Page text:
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Commentary & Analysis

An Update on the HP Inkjet Web Press

One of the highlights of the recent drupa,

By Andrew Tribute
Published: October 21, 2008

One of the highlights of the recent drupa, and no doubt also of the forthcoming GraphExpo, is the arrival of all the new inkjet presses in both continuous feed and sheeted formats. At drupa apart from one or two of these we were really looking at previews of these presses and few were yet ready for delivery to the market. One of the most impressive of these new inkjet presses was the HP Inkjet Web Press as it was the largest, fastest and lowest cost of all those being shown.

A couple of weeks ago I was at the HP annual analyst and press event in San Diego at which the company further developed its Print 2.0 strategy. At this HP announced a number of new partnerships mainly for growing the demand for printing on its desktop printers. These included an agreement with both MySpace and MTV to integrate HP printing technology across multiple areas and to encourage the young web users to print. It also added new functionality and branding to its Logoworks operation by the introduction of MarketSplash. This structure is designed to help SMBs (Small and Medium Businesses) to compete with online offerings for the creation and production of many forms of printed material.

For me however the highlight of this event was an invitation afterwards to visit the HP facility at Corvallis, Oregon. This is HP’s center of excellence for inkjet and the location where the new HP Inkjet Web Press is being built. As I stated before I felt the Inkjet Web Press was one of the highlights of the recent drupa event so I welcomed the opportunity to get an update on the development of this press. At drupa HP showed what was a demonstration of what was seen as a new category of product rather than just a technical demonstration of capabilities. This press is built using HP’s Scalable Printing Technology of thermal inkjet printheads. The press at drupa showed that this technology could be used to produce units where multiple heads were stitched together to provide almost any single pass print width. The press at drupa printed a 36-inch wide web whereas HP stated the first production presses would be printing a 30-inch wide web.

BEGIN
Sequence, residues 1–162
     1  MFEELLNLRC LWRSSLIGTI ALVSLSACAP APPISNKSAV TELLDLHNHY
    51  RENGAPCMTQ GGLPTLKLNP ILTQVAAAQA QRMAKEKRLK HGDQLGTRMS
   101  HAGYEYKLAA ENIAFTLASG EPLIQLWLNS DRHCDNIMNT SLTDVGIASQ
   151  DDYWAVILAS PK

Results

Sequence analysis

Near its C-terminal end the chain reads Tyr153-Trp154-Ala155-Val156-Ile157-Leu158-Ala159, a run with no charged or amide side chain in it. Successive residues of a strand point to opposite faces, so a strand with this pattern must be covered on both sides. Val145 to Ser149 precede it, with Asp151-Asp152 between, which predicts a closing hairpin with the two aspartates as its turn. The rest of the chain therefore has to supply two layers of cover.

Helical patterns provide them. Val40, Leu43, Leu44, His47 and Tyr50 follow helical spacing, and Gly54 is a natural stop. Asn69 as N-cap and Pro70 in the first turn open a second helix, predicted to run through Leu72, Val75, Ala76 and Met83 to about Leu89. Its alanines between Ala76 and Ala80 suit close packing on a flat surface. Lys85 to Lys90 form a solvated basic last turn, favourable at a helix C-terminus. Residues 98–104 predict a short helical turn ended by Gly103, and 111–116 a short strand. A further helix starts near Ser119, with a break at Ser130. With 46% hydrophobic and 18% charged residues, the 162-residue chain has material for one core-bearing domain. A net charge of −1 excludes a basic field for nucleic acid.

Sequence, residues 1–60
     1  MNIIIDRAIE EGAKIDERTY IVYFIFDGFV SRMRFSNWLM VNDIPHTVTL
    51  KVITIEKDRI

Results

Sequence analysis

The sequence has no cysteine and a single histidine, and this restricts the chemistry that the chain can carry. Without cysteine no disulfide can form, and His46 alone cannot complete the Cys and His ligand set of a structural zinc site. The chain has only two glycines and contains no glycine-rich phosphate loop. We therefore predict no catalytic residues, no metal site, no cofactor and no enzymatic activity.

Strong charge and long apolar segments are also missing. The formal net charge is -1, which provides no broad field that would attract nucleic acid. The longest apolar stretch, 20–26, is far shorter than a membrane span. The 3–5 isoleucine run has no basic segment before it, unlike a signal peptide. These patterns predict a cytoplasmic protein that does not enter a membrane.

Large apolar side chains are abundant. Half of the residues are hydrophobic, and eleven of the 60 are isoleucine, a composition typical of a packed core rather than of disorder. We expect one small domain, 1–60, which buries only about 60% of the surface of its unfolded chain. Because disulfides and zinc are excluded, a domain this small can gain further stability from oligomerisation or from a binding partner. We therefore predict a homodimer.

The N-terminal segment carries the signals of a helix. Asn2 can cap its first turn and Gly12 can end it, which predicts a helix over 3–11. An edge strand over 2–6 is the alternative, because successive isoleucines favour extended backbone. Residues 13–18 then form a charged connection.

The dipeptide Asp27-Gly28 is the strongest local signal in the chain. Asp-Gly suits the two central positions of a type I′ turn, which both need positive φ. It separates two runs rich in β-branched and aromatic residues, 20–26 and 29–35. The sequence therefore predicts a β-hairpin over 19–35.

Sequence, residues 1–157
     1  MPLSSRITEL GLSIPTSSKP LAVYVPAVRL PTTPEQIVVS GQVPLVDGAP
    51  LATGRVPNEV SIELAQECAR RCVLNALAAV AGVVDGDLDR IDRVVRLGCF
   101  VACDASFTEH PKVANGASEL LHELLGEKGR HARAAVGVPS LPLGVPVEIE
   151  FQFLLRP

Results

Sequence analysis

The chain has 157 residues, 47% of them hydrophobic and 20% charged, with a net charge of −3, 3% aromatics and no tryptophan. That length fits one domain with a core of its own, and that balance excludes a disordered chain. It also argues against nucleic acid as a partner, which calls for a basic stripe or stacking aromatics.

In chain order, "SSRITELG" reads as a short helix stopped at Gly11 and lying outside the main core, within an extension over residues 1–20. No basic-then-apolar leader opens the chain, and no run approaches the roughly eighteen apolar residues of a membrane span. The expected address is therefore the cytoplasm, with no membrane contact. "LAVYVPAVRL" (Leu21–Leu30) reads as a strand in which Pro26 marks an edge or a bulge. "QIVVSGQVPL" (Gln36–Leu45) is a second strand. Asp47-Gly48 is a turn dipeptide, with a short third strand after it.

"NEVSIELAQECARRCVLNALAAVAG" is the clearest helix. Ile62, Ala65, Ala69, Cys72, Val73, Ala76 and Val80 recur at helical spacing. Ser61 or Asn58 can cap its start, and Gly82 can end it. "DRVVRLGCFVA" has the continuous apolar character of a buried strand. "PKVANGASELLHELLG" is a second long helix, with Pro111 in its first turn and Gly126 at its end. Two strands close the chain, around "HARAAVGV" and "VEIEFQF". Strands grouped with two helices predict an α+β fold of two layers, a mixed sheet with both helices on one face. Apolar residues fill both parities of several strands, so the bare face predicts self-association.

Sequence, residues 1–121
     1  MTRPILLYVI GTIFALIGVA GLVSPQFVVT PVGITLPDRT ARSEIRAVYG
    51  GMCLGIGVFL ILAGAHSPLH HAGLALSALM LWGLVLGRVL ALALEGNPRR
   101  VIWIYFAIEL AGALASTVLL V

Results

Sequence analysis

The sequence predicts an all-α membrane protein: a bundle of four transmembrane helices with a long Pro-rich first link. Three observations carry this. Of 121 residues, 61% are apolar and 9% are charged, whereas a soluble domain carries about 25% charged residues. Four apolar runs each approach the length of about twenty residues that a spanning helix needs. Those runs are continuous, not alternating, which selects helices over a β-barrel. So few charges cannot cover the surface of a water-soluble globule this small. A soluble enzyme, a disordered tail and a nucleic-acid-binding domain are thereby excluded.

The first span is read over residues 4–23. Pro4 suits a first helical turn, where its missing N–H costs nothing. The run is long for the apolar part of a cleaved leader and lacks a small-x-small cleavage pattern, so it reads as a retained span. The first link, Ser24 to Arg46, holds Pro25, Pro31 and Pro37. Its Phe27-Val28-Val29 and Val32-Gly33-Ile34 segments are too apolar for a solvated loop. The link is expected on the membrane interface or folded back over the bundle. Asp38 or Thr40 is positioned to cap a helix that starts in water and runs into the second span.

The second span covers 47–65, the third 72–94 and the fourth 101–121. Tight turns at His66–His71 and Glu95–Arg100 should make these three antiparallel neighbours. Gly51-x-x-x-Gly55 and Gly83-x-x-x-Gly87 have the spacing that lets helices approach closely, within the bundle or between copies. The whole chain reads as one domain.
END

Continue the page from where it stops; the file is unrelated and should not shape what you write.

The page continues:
What I saw at Corvallis more than impressed me that HP is on the right track to produce real market winning products with the current and future versions of the Inkjet Web Press. When I entered the area where the first presses were being tested it felt more like I was entering a large-scale web offset printing operation with a number of large presses working.  Among them were 30-inch wide presses, whereas another press was a 20-inch wide machine used for testing substrates, inks and future technology concepts. One of the 30-inch width production presses is due to be shipped in December to the first beta customer O’Neil Data Systems in Los Angeles. O’Neil will act as a collaborating partner working together with HP to evaluate the workings of the system in real production conditions. All of these presses were running at a web speed of 400 ft/minute.

While the new 30-inch width presses looking similar to the press shown at drupa there were many key changes in the product. The press still used five separate inkjet print arrays, each comprising two sets of printheads to provide massive nozzle redundancy. Four of these arrays are for the four printing colors of CMYK, and the fifth is for the special ink-bonding agent that is unique to this press. This agent that is imaged before the ink only at the exact positions where ink is to be printed and it stops the ink penetrating into the fibres of the paper. This reduces show through and also gives a much brighter and sharper image on the paper. There is however another very major benefit of this that has been ascertained after drupa and which makes the HP Inkjet Web Press unique compared with all the competitive inkjet web presses from other suppliers. Testing of inkjet printed output from all these presses show that the output from the HP Inkjet Web Press is suitable for paper recycling. It appears from testing by the Ingede organization in Germany (the international organization of the deinking industry) that this bonding agent appears to turn the ink into hydrophobic particles that allows them to float off the paper in the deinking process. The ink printed on other inkjet presses remains water-soluble and is proving very difficult to remove from the paper in deinking without leaving the paper colored. This assessment by Ingede was based upon testing of samples collected from many of the new inkjet presses shown at drupa. HP’s position is that it has a number of approaches at their disposal using these chemistries that show signs of improved performance. They are in the process of characterizing and determining which approach is best, and are actively driving and participating in de-inking strategies in the industry.